The changes mark a fundamental shift to a regulatory provision that could have drastic financial ramifications for providers.

The 2022 Medicare Physician Fee Schedule (MPFS) Final Rule was recently issued ( When it was first proposed, I recommended that folks slog through it and comment. I am concerned that the Final Rule’s provision regarding split/shared time is going to be problematic for physicians and their bottom lines.

In many environments where incident-to billing is not permitted (that is, places of service other than a doctor’s office), advanced practitioner professionals (a.k.a. advanced practice providers, or APPs) and physicians are permitted to split, or share, a visit. The criteria for this had always been a bit loosey-goosey. The APP needed to be expensed to the physician, and the physician had to have a face-to-face encounter. A while ago, the Centers for Medicare & Medicaid Services (CMS) started referring to the physician having to provide a “substantive portion” of the evaluation and management (E&M) visit, but they left this up to interpretation. Some elements of the history, physical, or medical decision-making (MDM) also needed to be performed and documented by the physician.

The 2022 Final Rule is fundamentally changing split/shared visits. For 2022, the “substantive portion” will be defined as performing at least one of the three key components, or exceeding the threshold of more than half of the total time. However, in 2023, the sole criterion will be greater than half of the total time.

I think CMS missed the mark on this. They should have allowed the provider who attests to being responsible for the MDM to be the primary biller. The 2021 Guidelines for Office Visits established the validity of using MDM or time as the basis for choosing a level of service. I think this would easily translate to split/shared time, too.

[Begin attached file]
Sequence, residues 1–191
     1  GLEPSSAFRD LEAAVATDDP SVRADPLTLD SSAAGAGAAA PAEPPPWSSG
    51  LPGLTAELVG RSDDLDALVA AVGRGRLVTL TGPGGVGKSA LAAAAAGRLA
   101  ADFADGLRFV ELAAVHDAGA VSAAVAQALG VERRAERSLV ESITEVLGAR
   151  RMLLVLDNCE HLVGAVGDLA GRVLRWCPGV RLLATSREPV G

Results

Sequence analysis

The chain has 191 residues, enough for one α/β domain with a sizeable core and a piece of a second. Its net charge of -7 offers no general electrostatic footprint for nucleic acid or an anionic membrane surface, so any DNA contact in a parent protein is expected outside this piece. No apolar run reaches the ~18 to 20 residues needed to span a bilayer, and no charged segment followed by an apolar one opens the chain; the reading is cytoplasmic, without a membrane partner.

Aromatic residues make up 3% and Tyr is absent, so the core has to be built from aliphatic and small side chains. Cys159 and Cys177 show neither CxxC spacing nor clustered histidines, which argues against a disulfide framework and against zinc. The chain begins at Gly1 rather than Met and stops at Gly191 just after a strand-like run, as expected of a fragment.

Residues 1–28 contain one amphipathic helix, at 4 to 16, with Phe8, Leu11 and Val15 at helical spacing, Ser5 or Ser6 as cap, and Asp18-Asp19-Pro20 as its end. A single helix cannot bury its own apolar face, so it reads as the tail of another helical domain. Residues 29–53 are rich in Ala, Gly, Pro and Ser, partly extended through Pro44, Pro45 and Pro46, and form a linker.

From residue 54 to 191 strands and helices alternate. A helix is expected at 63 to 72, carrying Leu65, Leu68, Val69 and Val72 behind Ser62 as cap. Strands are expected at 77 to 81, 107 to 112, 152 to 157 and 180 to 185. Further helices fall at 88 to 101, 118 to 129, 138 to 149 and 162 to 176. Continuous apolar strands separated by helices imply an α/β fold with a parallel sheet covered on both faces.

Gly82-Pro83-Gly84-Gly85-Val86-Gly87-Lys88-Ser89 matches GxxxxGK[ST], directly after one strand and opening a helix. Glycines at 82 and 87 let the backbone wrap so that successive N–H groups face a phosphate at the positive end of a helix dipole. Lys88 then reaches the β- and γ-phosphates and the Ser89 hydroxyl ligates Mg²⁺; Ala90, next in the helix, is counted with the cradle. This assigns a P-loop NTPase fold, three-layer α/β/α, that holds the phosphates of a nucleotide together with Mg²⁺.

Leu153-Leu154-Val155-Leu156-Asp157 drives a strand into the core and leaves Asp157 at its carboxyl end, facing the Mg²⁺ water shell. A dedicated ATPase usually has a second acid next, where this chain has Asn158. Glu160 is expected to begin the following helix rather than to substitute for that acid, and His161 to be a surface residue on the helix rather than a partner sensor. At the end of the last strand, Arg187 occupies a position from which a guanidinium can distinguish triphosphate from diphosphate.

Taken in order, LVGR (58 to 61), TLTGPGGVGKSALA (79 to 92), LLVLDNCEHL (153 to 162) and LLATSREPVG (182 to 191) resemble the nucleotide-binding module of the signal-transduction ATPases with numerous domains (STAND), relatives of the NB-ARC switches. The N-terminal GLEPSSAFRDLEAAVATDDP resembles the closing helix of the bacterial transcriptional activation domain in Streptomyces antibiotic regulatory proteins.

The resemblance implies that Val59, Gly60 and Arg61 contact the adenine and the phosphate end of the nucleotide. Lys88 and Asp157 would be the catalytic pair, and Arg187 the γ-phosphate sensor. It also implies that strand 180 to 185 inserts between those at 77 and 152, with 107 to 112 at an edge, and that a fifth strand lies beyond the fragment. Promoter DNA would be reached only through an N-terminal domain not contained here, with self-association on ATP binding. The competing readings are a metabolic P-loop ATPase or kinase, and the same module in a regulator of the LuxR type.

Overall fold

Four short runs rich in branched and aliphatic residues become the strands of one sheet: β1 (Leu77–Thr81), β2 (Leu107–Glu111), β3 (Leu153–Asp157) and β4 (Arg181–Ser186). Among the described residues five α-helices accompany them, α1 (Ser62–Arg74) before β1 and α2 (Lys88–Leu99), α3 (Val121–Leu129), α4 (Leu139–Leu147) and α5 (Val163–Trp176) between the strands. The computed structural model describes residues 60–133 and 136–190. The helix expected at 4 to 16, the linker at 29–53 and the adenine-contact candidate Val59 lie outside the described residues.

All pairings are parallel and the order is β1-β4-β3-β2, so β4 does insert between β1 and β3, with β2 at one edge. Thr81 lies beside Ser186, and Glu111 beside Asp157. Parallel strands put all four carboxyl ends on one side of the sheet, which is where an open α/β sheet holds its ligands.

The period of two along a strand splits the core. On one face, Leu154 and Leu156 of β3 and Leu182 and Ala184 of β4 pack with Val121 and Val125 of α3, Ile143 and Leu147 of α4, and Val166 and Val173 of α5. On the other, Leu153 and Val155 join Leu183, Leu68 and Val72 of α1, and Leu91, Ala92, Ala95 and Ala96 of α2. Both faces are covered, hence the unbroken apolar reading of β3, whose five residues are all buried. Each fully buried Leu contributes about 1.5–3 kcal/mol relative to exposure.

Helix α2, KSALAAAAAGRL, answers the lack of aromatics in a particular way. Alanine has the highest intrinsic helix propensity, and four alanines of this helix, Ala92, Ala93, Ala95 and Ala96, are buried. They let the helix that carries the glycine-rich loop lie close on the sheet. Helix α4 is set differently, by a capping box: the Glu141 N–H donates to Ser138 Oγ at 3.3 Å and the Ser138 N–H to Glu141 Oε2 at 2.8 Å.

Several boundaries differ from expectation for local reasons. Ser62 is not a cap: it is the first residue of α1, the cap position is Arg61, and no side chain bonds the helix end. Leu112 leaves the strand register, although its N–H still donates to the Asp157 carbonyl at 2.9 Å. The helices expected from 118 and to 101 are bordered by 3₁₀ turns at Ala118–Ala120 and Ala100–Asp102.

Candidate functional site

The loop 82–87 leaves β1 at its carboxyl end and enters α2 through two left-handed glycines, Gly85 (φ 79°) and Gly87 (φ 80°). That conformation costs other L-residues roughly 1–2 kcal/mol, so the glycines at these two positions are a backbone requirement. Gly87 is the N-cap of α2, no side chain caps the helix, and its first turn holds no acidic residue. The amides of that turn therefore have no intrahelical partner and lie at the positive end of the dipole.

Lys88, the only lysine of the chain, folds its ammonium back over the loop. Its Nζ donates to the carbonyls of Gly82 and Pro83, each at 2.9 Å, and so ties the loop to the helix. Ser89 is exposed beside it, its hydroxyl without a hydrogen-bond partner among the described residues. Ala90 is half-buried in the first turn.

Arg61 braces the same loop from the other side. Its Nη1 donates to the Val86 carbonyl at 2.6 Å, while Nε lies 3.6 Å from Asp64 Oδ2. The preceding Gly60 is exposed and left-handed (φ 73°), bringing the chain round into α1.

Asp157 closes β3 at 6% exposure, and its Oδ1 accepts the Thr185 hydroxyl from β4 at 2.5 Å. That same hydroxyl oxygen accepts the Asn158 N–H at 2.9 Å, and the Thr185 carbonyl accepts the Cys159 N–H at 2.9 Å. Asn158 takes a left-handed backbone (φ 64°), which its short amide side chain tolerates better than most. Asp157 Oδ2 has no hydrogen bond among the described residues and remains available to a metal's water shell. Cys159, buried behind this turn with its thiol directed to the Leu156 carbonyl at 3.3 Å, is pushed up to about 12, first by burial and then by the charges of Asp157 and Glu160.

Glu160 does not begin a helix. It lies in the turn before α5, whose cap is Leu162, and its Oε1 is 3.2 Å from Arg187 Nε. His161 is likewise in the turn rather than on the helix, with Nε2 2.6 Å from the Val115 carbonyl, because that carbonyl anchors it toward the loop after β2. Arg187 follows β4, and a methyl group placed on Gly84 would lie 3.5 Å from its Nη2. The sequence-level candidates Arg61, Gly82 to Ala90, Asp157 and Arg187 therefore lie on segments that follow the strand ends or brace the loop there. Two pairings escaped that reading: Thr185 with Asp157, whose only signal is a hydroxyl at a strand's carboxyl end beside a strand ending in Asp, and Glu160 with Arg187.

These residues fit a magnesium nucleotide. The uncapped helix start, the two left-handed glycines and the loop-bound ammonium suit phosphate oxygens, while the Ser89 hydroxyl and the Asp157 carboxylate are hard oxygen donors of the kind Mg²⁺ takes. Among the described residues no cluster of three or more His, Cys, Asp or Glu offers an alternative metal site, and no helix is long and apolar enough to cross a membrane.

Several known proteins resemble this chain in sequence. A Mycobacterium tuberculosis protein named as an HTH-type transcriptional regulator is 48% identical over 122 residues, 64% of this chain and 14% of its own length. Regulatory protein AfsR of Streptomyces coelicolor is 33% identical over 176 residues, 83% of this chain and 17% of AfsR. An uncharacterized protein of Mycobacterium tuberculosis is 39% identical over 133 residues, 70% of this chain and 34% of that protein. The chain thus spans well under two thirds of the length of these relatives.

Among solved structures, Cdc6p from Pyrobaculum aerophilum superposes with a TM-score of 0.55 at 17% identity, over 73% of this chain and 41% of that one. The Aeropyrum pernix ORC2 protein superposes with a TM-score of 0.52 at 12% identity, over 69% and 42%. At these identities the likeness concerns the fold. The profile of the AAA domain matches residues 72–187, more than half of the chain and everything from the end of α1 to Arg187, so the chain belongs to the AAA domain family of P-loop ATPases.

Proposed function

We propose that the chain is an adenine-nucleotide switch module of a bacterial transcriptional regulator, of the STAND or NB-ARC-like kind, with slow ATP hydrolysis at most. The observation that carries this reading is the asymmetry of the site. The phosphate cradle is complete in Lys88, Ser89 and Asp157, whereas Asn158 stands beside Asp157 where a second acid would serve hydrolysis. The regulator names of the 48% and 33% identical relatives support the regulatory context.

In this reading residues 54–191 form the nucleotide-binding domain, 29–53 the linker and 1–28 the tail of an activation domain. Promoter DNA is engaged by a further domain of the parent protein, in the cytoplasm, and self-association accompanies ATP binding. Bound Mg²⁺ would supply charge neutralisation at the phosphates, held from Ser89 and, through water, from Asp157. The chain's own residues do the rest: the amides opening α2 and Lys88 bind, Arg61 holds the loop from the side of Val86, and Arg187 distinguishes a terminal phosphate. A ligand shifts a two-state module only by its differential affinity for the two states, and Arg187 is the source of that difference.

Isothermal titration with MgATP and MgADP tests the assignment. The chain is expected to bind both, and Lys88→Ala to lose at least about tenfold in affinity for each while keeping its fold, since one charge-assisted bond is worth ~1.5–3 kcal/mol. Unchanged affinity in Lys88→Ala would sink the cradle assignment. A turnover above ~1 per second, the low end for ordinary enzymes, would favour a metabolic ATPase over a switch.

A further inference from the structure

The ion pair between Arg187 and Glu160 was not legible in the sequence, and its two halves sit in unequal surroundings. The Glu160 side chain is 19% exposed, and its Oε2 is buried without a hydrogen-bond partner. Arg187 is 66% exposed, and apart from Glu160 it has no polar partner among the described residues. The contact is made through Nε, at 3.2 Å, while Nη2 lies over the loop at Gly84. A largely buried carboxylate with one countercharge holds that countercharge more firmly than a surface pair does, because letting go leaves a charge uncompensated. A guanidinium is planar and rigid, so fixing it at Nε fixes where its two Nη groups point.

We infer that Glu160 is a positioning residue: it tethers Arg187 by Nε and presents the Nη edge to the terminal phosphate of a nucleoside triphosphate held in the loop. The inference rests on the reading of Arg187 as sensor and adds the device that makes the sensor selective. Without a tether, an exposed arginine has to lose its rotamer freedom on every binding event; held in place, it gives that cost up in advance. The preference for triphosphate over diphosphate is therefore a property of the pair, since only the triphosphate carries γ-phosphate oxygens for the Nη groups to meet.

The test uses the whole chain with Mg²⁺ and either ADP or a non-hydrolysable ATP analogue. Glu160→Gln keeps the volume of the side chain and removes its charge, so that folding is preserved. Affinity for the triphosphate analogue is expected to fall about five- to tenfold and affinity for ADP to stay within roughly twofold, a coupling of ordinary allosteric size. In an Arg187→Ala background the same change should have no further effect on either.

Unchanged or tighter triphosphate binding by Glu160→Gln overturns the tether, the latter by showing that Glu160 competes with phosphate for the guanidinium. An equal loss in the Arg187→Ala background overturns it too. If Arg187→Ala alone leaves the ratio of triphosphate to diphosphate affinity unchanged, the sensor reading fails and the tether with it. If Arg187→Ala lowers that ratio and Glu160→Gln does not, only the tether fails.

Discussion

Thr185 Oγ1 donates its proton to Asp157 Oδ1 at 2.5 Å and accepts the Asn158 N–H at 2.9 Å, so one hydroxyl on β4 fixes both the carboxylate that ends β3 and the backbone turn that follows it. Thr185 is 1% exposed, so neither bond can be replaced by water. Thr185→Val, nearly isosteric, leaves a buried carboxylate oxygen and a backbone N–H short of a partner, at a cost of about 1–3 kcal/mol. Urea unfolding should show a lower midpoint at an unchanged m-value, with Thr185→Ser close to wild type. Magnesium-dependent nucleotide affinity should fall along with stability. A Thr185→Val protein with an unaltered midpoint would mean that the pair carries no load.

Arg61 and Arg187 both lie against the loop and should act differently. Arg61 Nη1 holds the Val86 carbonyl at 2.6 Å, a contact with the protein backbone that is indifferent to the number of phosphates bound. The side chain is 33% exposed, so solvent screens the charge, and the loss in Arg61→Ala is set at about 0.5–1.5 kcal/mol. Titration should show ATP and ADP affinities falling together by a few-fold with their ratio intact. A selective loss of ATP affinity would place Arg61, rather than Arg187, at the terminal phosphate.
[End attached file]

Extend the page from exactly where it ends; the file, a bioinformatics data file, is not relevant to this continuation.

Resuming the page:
The physician will no longer be mandated to have face-to-face contact, even if the visit is billed under them. This seems odd to me. If a patient receives a bill under a provider with whom they have not made face-to-face contact during the encounter, there will likely be significant dissatisfaction. If CMS is trying to eliminate physician billing for a poking-their-head-in-and-saying-hi encounter, wouldn’t it be even more untoward to not even have greeted the patient? As a patient, I would be skeptical that the physician had invested the lion’s share of time managing my case without ever engaging with me.

The provider who contributes the majority of time (more than 50 percent) will be the person who is entitled to bill for the service. Services that count towards time will include:

  • Preparing to see the patient (such as reviewing tests);
  • Obtaining or reviewing separately obtained history;